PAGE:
Lots of military funding in the early days of psychological attention research in the 1950s and 60s. The reason being that you can’t shoot at what you can’t attend to.

in Pyschology

Cocktail-party problem (1953)

The experiments by Colin Cherry in the 1950s first brought attention to the concept of selective attention. His experiments involved presenting participants with two different messages, one in each ear, and instructing them to focus on just one of the messages. This experiment, known as the dichotic listening task, revealed that while participants could easily recall details about the message they were instructed to focus on, they remembered almost nothing about the ignored message. What they did notice are things like a change in sex of the speaker or a change from voice to tones.

Cherry’s experiments were groundbreaking in psychology because they demonstrated that our perception is not just a passive process - we do not simply absorb all information presented to us. Instead, our perception is active and selective; we choose what information to pay attention to and disregard the rest.

This concept of selective attention has since been explored further and has become a fundamental principle in cognitive psychology. It has been applied in various fields such as advertising where marketers try to grab consumers’ selective attention or in education where teachers use strategies to keep students’ focused on their lessons.

Broadbent’s filter model (1958)

This model is an early selection theory of attention. It suggests that information processing is a two-step process. Firstly, all incoming information is held in a sensory store. However, due to the limited capacity of our attention, only some of this information can be processed further. This selection is done purely based on physical characteristics of the incoming stimuli, like the location or the pitch of a sound.

The selected information then passes through a filter to the short-term memory store where it can be attended to and comprehended. The unattended information does not reach conscious awareness and quickly fades away.

graph TB
A[Incoming Information] --> B[Sensory Store, e.g. iconic memory]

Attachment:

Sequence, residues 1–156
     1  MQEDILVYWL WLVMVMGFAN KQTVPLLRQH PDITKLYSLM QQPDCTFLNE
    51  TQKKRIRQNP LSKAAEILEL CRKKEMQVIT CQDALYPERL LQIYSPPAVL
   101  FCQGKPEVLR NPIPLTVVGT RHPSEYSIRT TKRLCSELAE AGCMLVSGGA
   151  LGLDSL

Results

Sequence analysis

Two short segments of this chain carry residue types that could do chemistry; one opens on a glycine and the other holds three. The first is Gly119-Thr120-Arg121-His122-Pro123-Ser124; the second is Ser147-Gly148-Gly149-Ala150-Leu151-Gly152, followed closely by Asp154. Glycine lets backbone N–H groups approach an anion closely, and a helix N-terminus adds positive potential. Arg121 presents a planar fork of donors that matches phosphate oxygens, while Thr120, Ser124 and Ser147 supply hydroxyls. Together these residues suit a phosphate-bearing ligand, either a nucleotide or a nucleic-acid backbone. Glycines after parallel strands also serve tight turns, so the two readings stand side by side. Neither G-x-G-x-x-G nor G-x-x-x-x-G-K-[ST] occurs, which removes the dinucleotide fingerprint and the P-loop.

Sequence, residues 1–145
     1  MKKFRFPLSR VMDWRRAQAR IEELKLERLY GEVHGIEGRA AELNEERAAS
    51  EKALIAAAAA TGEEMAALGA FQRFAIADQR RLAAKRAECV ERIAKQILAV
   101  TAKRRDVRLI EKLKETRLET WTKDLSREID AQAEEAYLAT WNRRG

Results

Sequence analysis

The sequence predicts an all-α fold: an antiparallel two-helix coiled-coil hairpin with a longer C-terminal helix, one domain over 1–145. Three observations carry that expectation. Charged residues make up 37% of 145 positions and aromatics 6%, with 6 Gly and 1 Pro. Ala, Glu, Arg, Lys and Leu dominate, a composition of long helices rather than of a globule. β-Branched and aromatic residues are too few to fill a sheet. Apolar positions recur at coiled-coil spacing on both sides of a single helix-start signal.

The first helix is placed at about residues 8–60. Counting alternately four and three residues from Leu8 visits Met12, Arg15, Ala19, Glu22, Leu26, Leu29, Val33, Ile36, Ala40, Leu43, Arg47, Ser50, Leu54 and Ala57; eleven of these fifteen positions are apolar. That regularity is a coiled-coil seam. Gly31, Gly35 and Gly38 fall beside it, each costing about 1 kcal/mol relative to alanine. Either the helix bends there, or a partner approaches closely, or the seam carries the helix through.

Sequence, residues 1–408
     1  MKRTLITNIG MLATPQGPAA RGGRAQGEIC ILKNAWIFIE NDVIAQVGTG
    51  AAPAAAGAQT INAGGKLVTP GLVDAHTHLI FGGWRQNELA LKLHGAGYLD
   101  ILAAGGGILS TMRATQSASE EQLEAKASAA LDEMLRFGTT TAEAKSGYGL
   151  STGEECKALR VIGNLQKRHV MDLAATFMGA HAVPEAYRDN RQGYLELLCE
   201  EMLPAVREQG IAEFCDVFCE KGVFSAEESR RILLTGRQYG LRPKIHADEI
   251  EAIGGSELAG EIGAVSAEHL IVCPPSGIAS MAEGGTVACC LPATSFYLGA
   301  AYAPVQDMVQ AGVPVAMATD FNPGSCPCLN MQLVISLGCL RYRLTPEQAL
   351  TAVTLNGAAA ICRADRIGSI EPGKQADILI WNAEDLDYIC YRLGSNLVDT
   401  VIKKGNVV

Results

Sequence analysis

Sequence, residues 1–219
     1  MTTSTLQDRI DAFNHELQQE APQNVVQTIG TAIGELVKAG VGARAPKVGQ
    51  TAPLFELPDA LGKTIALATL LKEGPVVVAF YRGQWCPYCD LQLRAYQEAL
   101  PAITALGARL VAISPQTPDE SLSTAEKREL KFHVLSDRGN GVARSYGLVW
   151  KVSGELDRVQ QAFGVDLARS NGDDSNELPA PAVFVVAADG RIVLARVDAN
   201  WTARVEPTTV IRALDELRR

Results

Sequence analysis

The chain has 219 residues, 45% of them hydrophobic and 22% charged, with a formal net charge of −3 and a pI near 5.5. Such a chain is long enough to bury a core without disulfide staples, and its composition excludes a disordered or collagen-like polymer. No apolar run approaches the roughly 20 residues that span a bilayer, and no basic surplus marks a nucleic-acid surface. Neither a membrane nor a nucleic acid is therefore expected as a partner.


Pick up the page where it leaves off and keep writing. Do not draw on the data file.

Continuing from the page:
B -->|Based on physical characteristics| C[Selective Filter]
C -->|Bottleneck| D[Higher-level processing]
D --> E[Working memory]
B -- Unattended Information--> F[Fades Away]

Criticisms of Broardbent’s Filter Model

While Broadbent’s model was groundbreaking at its time, it has been criticized for being too simplistic. Critics argue that it does not account for the times when unattended information does get processed - like when your name is called in a crowded room and you instantly turn your head, even if you weren’t consciously listening for it.

Moray’s experiments (1959)

Neville Moray’s experiments in 1959 served to address some of the criticisms of Broadbent’s filter model. In his experiments, he had participants perform a dichotic listening task similar to Cherry’s experiment. However, he added the participants’ names into the unattended message.

He found that participants often noticed their name in the unattended message, suggesting that some unattended information is indeed processed at a higher level than Broadbent’s model would suggest. This finding supports what is known as the cocktail party effect - the ability to focus one’s auditory attention on a particular stimulus while filtering out a range of other stimuli, as when a partygoer can focus on a single conversation in a noisy room.

Treisman’s attenuation theory (1960)

Anne Treisman proposed an alternative to Broadbent’s filter model called the attenuation theory. According to this theory, all incoming information is processed, but at different levels of intensity or ‘attenuation’.

In this model, instead of completely blocking out unattended information as suggested by Broadbent, the filter simply reduces its strength or prominence. This allows for important unattended information (like hearing your name) to be processed and reach awareness.

Deutsch & Deutsch’s late-selection theory (1963)

Deutsch & Deutsch proposed another alternative to Broadbent’s filter model, known as the late-selection theory. This theory suggests that all incoming information is processed to the level of meaning before the selection process takes place.

According to this model, it is not until after we have fully processed and understood a message that we decide whether to attend to it or not. This would explain why we can still notice meaningful unattended information, like our name being called in a crowded room.

Posner’s spotlight model (1980)

Posner et al. (1980) proposed the spotlight model of attention. According to this model, attention is like a spotlight that can be moved around the environment to highlight incoming information.

This model suggests that our attentional resources are limited and must be allocated selectively. The ‘spotlight’ can be focused narrowly on a single object or broadly on an entire scene. It can also be moved quickly from one location to another, allowing us to rapidly shift our focus as needed.

Posner, M. I., Snyder, C. R., & Davidson, B. J. (1980). Attention and the Detection of Signals. Journal of Experimental Psychology: General, 109(2), 160–174. https://doi.org/10.1037/0096-3445.109.2.160